Micro-credit scheme gives refugees in Angola chance to end dependency

Henri, a Congolese refugee living in Angola since 1978, is one of the first to benefit from a UNHCR-funded small-loan programme to boost his business and break the chain of dependency that has affected the majority of the 14,000 refugees in the country. After seeing the impact on people like Henri, more refugees are becoming interested in the scheme.

Izala Henri is one of several hundred Congolese refugees in Angola who are starting to see an improvement in their living conditions thanks to a micro-credit scheme.   © UNHCR/M.Germano

VIANA, Angola, Jan. 4 (UNHCR) - For Ngunza Izala Henri, the introduction of a micro-credit scheme that helps refugees in Angola to run a small business has meant something very basic - he can now feed his family every day.

Henri, a Congolese refugee living in Angola since 1978, is one of the first to benefit from the small-loan programme to boost his micro-business and break the chain of dependency that has affected the majority of the 14,000 refugees in the country, most of whom fled their home region of Katanga in Congo more than two decades ago.

His $140 loan has financed a modest business in which he and his wife sell phone cards for mobiles. "The micro-credit helped me to change a bit my financial situation. I can now buy bread on a daily basis, which was not possible before," he said.

The Livelihood Project is funded by UNHCR and implemented by the Canadian non-governmental organization Development Workshop (DW), which has worked in Angola since 1981 on civic education and poverty reduction in rural areas. The project officially started in August, and the first loans were issued in October.

To avoid falling into the same traps as previous failed schemes, DW ran a course for the first 300 beneficiaries on how to manage the credit and the importance of repayment. It is also training a local NGO, NNARP, to take over the future management of the scheme, which is expected to expand to other refugees in rural areas once this first stage is established.

Initial loans vary from $100 to $150, and are targeted at small businessmen and women based in the 6,000-strong refugee settlement of Viana, on the outskirts of Luanda. Although most are well adjusted in the country, they still find it difficult to make a living. For many, the chief way of earning a living comes from selling goods from door to door.

At first, there was opposition to the project because the loan was seen as too small and had to be repaid in 16 weeks. In addition, DW came up with an idea called 'solidarity group.' Lenders are divided into groups of eight or nine who are responsible for each others' debts - if Henri does not repay, his debt is shared and must be repaid by the other eight refugees in the group.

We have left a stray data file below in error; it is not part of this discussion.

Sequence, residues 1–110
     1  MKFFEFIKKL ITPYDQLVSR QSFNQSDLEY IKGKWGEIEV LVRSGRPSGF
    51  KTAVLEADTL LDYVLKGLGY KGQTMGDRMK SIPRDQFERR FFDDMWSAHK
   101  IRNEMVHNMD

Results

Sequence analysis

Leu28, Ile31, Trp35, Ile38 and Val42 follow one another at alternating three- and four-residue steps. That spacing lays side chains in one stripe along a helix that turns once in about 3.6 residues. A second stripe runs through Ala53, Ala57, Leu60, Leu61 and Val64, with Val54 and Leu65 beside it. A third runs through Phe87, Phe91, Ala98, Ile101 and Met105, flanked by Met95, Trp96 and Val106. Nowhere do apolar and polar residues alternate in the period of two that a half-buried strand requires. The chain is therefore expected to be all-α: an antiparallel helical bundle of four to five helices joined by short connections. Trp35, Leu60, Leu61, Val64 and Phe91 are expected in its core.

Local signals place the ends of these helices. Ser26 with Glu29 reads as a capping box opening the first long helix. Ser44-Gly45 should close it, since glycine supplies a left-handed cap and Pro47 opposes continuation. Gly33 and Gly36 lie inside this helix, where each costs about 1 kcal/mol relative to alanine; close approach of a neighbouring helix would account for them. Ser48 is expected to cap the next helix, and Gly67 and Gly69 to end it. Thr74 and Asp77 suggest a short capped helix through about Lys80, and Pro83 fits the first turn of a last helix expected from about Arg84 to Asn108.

But after seeing the impact on people such as Henri - who is managing to repay his debt and put bread on his table every day - many of those who initially rejected the scheme are changing their minds.

"We expect to have more than 300 refugees by the end of the year," says Fadario Lusati, a micro-credit officer for DW.

Timely repayment is vital if the project is to work. "It is aimed at active refugees, not those who are vulnerable," stresses Rolando Villanueva, projects manager of DW. "To qualify, refugees have to show that they are able to exercise some profession or commercial activities. The money received has to be reimbursed."

Some find it challenging - for example, Kasanga Petronie, who believes that four months is not enough time to repay a loan for her tailoring business. "I have to buy clothes, to sew and to sell, which sometimes takes me over two weeks." But she said she could stay in the project if the terms become more generous.

Henri is not worried. He is confident he will pass to the second phase of the micro-credit scheme and get a bigger loan. That becomes possible when he manages to repay all the US$ 140 he has received, plus 10 percent interest, by the time his four months are up.

An increase in the credit level is not automatic, stresses Lucie Manirambona, coordinator of micro-finance at DW. Manirambona has been working with the scheme since it began - originally for Angolans - in 1999. Henri will have to prove his business has grown, and provide 10 percent of the loan up front as a deposit.

"That has not yet happened with any of the refugees, but we have seen cases of people who started up in the micro-credit scheme and managed to open bank accounts and show banks they had a reliable credit rating with us," said Manirambona.

By Malungo Muana Germano in Viana, Angola